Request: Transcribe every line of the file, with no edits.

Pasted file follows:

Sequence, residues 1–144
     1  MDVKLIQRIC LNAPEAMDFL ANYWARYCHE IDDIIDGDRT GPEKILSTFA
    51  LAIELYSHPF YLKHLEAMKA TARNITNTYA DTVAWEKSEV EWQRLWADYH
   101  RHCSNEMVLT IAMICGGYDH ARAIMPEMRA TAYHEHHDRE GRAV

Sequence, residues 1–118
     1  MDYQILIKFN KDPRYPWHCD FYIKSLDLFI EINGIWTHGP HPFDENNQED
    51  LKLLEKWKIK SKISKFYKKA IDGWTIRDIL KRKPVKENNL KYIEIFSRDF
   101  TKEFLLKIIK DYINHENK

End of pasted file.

Sequence, residues 1–144
     1  MDVKLIQRIC LNAPEAMDFL ANYWARYCHE IDDIIDGDRT GPEKILSTFA
    51  LAIELYSHPF YLKHLEAMKA TARNITNTYA DTVAWEKSEV EWQRLWADYH
   101  RHCSNEMVLT IAMICGGYDH ARAIMPEMRA TAYHEHHDRE GRAV

Sequence, residues 1–118
     1  MDYQILIKFN KDPRYPWHCD FYIKSLDLFI EINGIWTHGP HPFDENNQED
    51  LKLLEKWKIK SKISKFYKKA IDGWTIRDIL KRKPVKENNL KYIEIFSRDF
   101  TKEFLLKIIK DYINHENK